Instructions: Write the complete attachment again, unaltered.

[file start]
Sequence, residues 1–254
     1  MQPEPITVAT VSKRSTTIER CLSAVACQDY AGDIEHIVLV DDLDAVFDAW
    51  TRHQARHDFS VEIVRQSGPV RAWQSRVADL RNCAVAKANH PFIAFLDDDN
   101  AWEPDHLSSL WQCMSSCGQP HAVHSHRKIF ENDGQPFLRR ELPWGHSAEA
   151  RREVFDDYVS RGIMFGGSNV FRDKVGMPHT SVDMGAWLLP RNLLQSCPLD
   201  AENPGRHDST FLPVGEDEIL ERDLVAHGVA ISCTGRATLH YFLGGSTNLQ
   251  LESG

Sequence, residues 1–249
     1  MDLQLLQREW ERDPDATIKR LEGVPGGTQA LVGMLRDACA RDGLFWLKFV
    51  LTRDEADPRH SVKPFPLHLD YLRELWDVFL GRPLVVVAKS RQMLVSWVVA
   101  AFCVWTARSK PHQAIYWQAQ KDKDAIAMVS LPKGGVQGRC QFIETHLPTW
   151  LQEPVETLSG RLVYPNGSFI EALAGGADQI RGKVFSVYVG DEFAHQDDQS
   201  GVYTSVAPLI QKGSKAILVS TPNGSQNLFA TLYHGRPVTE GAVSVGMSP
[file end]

Sequence, residues 1–254
     1  MQPEPITVAT VSKRSTTIER CLSAVACQDY AGDIEHIVLV DDLDAVFDAW
    51  TRHQARHDFS VEIVRQSGPV RAWQSRVADL RNCAVAKANH PFIAFLDDDN
   101  AWEPDHLSSL WQCMSSCGQP HAVHSHRKIF ENDGQPFLRR ELPWGHSAEA
   151  RREVFDDYVS RGIMFGGSNV FRDKVGMPHT SVDMGAWLLP RNLLQSCPLD
   201  AENPGRHDST FLPVGEDEIL ERDLVAHGVA ISCTGRATLH YFLGGSTNLQ
   251  LESG

Sequence, residues 1–249
     1  MDLQLLQREW ERDPDATIKR LEGVPGGTQA LVGMLRDACA RDGLFWLKFV
    51  LTRDEADPRH SVKPFPLHLD YLRELWDVFL GRPLVVVAKS RQMLVSWVVA
   101  AFCVWTARSK PHQAIYWQAQ KDKDAIAMVS LPKGGVQGRC QFIETHLPTW
   151  LQEPVETLSG RLVYPNGSFI EALAGGADQI RGKVFSVYVG DEFAHQDDQS
   201  GVYTSVAPLI QKGSKAILVS TPNGSQNLFA TLYHGRPVTE GAVSVGMSP